The Wall Street Journal: Senate tax plan mostly favorable toward VC firms, tech startups

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The Senate’s passage of a proposed overhaul to the U.S. tax code caps a period of uncertainty for the tech industry, spurring a sigh of relief from venture-capital investors.

In the months leading up to the landmark bill, Silicon Valley was rife with uncertainty over how new provisions would treat partnership profits at venture firms and the taxation of employee stock options. Investors feared that changes to the carried-interest deduction, which is the roughly 20% share in the profits enjoyed by general partners of venture firms, would have weakened the incentives for taking risks on investment in private companies.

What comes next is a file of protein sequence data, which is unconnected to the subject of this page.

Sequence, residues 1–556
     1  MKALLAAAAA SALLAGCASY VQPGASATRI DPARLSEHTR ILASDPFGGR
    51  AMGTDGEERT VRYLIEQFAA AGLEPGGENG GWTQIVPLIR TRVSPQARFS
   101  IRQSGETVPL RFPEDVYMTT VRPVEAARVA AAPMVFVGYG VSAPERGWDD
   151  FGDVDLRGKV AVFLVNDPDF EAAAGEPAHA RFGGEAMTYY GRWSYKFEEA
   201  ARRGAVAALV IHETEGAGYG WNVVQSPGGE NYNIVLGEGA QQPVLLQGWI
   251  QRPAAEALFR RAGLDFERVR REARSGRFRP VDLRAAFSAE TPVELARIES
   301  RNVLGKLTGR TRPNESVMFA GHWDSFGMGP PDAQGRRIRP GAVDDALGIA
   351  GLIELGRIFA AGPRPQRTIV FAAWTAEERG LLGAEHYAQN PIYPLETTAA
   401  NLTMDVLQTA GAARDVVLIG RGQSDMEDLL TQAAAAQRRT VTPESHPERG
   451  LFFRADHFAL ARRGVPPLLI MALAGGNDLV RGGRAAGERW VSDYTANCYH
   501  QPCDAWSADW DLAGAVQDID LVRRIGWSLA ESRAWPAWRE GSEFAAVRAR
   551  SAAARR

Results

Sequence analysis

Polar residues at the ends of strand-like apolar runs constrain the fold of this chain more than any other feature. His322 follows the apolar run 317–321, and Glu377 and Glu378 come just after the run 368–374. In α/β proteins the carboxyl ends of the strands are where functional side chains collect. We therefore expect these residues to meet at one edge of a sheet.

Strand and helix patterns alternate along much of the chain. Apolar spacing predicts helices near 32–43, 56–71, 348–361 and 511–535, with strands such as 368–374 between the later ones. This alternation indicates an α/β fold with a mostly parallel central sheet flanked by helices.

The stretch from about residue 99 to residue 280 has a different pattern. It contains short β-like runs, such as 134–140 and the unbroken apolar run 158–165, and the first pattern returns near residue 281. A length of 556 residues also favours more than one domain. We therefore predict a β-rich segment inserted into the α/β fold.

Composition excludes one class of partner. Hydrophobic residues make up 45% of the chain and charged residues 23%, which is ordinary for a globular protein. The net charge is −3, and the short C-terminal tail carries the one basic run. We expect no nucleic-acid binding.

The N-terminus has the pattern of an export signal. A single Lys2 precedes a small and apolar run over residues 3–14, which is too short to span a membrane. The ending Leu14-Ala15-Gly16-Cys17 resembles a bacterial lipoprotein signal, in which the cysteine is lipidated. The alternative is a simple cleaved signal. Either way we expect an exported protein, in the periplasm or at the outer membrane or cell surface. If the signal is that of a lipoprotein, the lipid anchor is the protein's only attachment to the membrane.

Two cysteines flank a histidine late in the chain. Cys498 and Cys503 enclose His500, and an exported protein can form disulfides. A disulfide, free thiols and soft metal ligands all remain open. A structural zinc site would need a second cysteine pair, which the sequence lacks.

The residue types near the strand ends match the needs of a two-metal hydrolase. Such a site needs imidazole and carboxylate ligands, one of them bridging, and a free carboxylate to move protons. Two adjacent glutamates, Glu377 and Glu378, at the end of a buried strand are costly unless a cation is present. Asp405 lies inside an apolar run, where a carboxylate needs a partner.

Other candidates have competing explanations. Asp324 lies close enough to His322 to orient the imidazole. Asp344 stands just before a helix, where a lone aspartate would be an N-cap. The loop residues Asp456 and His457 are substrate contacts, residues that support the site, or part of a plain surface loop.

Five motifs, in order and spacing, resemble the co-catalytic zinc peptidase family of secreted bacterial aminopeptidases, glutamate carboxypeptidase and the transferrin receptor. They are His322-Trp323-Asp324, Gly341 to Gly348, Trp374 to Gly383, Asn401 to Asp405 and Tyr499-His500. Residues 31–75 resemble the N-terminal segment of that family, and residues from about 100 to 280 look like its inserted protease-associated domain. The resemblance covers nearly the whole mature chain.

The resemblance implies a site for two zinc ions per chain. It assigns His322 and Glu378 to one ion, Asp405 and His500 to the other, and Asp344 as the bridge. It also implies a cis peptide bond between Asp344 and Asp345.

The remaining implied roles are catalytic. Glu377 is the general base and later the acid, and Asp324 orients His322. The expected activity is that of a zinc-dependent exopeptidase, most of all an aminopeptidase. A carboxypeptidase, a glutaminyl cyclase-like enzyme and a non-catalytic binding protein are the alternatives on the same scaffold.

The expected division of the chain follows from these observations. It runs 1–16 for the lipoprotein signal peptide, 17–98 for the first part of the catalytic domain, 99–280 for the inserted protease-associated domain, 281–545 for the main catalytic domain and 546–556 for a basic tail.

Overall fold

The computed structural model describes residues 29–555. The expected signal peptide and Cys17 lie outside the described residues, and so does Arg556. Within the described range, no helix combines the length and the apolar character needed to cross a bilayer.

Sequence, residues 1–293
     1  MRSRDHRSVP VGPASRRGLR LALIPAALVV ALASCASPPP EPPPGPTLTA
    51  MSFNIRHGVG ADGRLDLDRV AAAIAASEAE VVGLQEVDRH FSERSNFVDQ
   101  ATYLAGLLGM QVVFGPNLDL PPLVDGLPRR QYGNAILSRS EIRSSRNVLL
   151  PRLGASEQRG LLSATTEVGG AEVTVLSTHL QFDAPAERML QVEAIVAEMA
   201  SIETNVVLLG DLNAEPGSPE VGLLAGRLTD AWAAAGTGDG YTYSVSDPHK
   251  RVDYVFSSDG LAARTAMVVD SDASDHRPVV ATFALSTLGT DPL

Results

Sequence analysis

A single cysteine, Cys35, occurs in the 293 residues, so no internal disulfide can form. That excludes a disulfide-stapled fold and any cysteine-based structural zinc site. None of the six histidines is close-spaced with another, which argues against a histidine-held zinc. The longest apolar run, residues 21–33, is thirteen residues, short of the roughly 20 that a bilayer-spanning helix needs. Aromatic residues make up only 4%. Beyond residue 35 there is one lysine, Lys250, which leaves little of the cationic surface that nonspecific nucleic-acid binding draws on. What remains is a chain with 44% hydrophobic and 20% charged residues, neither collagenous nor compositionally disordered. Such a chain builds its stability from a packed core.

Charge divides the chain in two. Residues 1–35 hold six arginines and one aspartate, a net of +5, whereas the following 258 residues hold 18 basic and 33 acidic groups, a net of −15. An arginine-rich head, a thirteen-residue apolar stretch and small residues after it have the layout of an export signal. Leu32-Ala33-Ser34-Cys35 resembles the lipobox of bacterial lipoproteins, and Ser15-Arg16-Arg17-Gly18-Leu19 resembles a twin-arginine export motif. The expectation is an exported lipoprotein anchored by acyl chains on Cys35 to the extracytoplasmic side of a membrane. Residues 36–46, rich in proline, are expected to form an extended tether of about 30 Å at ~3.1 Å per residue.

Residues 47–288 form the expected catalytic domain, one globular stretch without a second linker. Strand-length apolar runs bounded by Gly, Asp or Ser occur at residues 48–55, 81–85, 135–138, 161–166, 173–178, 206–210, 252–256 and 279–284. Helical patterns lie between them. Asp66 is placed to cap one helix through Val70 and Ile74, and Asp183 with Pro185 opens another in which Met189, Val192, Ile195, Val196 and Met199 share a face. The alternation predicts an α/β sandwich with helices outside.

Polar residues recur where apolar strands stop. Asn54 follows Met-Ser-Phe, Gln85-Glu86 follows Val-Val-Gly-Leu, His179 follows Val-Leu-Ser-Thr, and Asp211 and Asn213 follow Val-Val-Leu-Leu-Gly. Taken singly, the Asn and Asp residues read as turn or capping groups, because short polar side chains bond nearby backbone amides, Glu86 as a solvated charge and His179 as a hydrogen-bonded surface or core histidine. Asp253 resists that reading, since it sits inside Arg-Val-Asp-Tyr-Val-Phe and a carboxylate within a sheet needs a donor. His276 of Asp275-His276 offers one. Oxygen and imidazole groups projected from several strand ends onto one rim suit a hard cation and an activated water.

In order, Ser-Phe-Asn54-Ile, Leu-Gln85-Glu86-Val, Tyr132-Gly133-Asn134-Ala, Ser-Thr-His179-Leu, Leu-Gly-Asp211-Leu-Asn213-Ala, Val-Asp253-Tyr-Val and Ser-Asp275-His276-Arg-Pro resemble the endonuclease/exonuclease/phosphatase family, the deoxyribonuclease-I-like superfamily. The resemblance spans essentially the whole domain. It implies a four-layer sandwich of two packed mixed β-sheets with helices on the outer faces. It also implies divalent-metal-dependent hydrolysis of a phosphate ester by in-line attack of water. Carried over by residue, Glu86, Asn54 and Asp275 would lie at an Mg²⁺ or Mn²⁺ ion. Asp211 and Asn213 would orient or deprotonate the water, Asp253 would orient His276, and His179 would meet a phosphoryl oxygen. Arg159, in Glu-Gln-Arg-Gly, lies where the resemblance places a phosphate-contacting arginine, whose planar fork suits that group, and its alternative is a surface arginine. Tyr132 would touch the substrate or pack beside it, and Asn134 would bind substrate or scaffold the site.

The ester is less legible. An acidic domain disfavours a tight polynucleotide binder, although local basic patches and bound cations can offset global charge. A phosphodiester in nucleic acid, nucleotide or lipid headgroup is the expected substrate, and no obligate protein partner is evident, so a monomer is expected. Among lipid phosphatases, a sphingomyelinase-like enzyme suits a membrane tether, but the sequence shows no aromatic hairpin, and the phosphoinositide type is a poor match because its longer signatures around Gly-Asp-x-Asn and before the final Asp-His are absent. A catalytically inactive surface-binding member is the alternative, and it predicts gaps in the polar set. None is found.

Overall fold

“Six months ago, there were a bunch of proposals that felt hostile to the entrepreneurial ecosystem and seemed targeted to harm the innovation economy — we seem to have avoided most of them,” said Venky Ganesan, managing director at Menlo Ventures and former chairman of the National Venture Capital Association.

Carried interest wasn’t the only thing at stake for Silicon Valley, as startup employees faced a potential tax on unvested stock options. Now lawmakers propose deferring taxes until a liquidity event such as if the startup gets acquired or holds an initial public offering.

An expanded version of this report appears on WSJ.com.

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